In effect from 26 July 2008, EU Regulation 1107/2006 remains widely unenforceable because the U.K. Government has yet to transfer enforcement powers to civil procedure.
As a result of this despicable delay, people with a disability traveling by air do not have recourse against airport managing bodies and airlines.
The disabled, the most vulnerable among us, are once again failed by politicians. Earlier today, I was reading an article written by Joanna Shulman, CEO of Redfern Legal Centre. Ms Shulman, who teaches discrimination law at the University of Sydney and the University of New South Wales, one of the lawyers assisting Ms Sheila King with her disability discrimination claim against Jetstar.
In her article, Ms Shulman writes "The UK, Canada and the US all recognise that relying on vulnerable individuals to take action against discriminatory policies is a flawed process as the majority of these individuals do not have the resources, or persistence to pursue these matters, particularly where there is little or no personal gain. They have introduced models that allow other agencies to pursue discriminatory policies."
The end of her account is everything but close. Comparing apples to apples, let us now see what the actual picture in the U.K. is.
Thanks to EU Regulation 261/2004, passengers traveling from and to the European Union with an EU registered airline get free meals, drinks and two phone calls, emails, telexes or faxes and from €250 up to €600 in compensation when flights have delays of more than three hours.
Under this regulation, airlines cannot look the other way. Air carriers that do not pay will have to pay £5,000 fines for every single passenger they have not compensated.
Because people with reduced mobility and disabled travellers are more vulnerable than abled passengers, one could reasonably conclude that the law protecting their rights is at least as strong as the one we just mentioned. Sadly, this is far from the truth.
EU Regulation 1107/2006, concerning the rights of disabled persons and persons with reduced mobility when travelling by air, makes mention that "Member States should lay down penalties applicable to infringements of this Regulation and ensure that those penalties apply; the penalties, which could include ordering the payment of compensation to the person concerned, should be effective, proportionate and dissuasive."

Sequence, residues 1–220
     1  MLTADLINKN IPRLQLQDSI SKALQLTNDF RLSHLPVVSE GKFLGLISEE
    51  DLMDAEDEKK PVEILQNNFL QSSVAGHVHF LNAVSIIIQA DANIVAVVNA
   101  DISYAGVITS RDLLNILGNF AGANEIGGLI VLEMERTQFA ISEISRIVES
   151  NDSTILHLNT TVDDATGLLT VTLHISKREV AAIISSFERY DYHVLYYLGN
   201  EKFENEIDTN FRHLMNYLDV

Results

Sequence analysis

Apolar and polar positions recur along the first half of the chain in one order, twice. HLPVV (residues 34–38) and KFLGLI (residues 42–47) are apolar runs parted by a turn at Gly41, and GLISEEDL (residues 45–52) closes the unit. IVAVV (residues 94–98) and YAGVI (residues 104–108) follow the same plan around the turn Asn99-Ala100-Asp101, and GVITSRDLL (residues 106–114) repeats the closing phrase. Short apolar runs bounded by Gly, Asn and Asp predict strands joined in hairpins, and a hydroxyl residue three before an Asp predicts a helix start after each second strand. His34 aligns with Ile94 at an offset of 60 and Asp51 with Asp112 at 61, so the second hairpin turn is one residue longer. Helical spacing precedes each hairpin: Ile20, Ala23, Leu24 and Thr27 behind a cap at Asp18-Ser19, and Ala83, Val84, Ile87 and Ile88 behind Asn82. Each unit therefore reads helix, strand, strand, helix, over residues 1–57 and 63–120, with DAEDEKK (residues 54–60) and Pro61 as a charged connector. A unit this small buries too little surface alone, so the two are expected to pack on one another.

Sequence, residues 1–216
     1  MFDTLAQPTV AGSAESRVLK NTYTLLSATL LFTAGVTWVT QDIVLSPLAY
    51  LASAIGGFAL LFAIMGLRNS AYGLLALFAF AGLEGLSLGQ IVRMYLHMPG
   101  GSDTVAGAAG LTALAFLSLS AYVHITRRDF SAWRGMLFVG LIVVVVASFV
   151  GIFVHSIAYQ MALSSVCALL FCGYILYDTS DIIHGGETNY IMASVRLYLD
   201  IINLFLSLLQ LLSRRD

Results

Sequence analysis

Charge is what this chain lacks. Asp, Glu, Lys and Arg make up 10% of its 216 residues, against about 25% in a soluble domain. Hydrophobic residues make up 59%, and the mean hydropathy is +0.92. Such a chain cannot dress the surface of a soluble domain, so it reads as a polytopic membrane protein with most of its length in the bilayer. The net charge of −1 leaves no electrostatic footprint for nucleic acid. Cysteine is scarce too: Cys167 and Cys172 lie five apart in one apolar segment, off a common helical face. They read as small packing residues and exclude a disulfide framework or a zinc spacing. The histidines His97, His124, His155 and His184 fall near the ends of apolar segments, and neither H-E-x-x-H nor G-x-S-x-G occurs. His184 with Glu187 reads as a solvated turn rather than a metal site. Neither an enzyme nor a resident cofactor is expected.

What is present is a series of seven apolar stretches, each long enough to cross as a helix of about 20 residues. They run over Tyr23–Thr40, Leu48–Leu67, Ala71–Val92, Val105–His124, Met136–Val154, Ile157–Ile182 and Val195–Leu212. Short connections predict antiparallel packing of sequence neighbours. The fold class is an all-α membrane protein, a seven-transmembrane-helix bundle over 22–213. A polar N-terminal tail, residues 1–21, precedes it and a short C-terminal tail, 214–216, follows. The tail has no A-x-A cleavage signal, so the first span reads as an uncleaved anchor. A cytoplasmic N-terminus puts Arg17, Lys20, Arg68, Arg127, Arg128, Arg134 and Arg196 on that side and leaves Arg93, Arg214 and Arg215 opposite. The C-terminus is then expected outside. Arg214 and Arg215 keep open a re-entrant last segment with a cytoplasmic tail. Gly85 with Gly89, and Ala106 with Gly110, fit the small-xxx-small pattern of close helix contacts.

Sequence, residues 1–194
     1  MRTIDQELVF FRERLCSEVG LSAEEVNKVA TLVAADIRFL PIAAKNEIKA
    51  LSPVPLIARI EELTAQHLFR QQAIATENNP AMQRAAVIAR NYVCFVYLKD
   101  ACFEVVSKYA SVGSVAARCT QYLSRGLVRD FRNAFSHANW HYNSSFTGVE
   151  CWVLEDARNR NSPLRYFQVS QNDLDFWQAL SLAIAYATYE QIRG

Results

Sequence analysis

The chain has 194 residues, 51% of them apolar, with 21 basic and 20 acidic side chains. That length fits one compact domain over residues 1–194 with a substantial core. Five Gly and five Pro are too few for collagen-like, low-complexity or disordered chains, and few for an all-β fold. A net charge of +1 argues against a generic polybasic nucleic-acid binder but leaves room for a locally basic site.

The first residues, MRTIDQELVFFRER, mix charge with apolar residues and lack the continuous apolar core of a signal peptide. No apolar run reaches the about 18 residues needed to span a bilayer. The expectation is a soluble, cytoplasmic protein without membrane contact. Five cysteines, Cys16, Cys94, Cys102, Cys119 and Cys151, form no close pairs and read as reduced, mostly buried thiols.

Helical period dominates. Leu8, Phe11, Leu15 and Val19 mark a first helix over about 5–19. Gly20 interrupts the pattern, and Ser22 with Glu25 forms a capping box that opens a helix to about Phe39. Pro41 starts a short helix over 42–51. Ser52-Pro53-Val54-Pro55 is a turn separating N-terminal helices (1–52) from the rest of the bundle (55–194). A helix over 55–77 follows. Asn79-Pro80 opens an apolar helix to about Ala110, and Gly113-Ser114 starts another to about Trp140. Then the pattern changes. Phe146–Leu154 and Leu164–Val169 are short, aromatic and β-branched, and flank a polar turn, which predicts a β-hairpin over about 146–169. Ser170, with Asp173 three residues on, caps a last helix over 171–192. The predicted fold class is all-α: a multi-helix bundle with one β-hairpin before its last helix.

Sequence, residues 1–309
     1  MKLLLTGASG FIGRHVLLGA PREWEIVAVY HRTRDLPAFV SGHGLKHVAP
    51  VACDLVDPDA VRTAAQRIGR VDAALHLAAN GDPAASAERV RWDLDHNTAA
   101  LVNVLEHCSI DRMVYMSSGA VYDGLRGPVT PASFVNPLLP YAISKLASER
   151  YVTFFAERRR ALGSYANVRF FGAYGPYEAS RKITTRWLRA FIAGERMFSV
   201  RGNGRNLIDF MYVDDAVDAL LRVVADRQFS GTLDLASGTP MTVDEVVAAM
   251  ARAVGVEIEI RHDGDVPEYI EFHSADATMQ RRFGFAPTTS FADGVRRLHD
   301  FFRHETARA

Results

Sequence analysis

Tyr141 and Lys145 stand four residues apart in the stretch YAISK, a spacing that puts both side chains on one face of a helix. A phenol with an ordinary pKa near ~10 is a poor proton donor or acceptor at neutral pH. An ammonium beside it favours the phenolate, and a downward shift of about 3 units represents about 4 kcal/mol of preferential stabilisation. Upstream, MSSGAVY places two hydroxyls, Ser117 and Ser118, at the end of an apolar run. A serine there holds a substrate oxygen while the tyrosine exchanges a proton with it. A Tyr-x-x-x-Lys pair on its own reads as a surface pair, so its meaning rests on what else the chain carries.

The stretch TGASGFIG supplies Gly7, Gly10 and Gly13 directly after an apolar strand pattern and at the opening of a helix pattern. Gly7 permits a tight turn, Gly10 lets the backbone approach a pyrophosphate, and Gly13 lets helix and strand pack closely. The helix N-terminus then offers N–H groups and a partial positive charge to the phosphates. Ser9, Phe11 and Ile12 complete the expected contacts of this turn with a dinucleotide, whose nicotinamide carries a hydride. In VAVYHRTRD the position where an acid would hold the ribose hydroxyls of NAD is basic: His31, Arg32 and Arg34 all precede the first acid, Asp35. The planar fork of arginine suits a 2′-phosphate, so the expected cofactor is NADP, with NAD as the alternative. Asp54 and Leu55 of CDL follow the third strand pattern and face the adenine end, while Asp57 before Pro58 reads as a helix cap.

This is where the house of cards comes crumbling down. The U.K. Government assigned the task of complaint handling body to Equality and Human Rights Commission and enforcement powers to the Civil Aviation Authority.
"Equality and Human Rights Commission does not have the power to order any organisation to comply with the law. However, we do have the power to assist you in addressing this complaint, including offering conciliation," Mr Mark Stone, Air Travel Accessibility, Legal Directorate, of Equality and Human Rights Commission told us.
"Although the aviation industry has taken steps to implement the Regulation in the UK, it is not always implemented, and there are instances where the service does not work well for passengers. We do have enforcement powers, but these are limited to the ability to take a criminal prosecution," Dame Deirdre Hutton, CBE, Chair of the Civil Aviation Authority told us.
Many, irrespectively of their political ideology, hoped that, with the election of Mr David Cameron as Prime Minister, the Government would have shown sensitivity towards the issues pertaining people with disabilities. These hopes are long gone, as the occupant of Number 10 seems to have forgotten what he has learned first-hand.
It is no surprise then that 3 years after EU Regulation 1107/2006 has become law, the Department for Transport has yet to lay down penalties and compensation applicable to infringements of the regulation. "It is a recent law, and it takes time to implement it," an employee of the Department for Transport told us last month. "We hope to have it in place in a few months, hopefully in 2012." She added. On the other end, a Barrister with experience in the field told us Government could get the job done in a matter of three/four weeks.
What does this mean? It means that a disabled child who had booked his wheelchair assistance at London Heathrow, and was without assistance because the local service provider was unable to provide proper assistance, is without a legal framework to protect his rights. The EHRC cannot help, the CAA cannot enforce the law and, in this legal vacuum, the airport managing company can bully the family stating that "The airport was not responsible for the events and so I see no basis for any claim either under the EC regulations, the Equalities Act or otherwise."
In other words the disabled humiliated and discriminated against has less protection than the abled traveller whose flight is delayed for over three hours.
We consider Mr David Cameron and his Government morally accountable for once again failing the disabled. People with disabilities do not ask for much. All they want is to have clear cut laws that protect their rights, easily enforceable bearing strong, proportionate and dissuasive fines for those guilty of discriminating and humiliating the disabled and adequate compensation schemes for their victims.
How to move forward? Mr David Cameron must make sure all he has learned first-hand does not go to waste. He can make a difference, he must make a difference. The PM shall give a voice to the most vulnerable, those his government seems to have once again forgotten.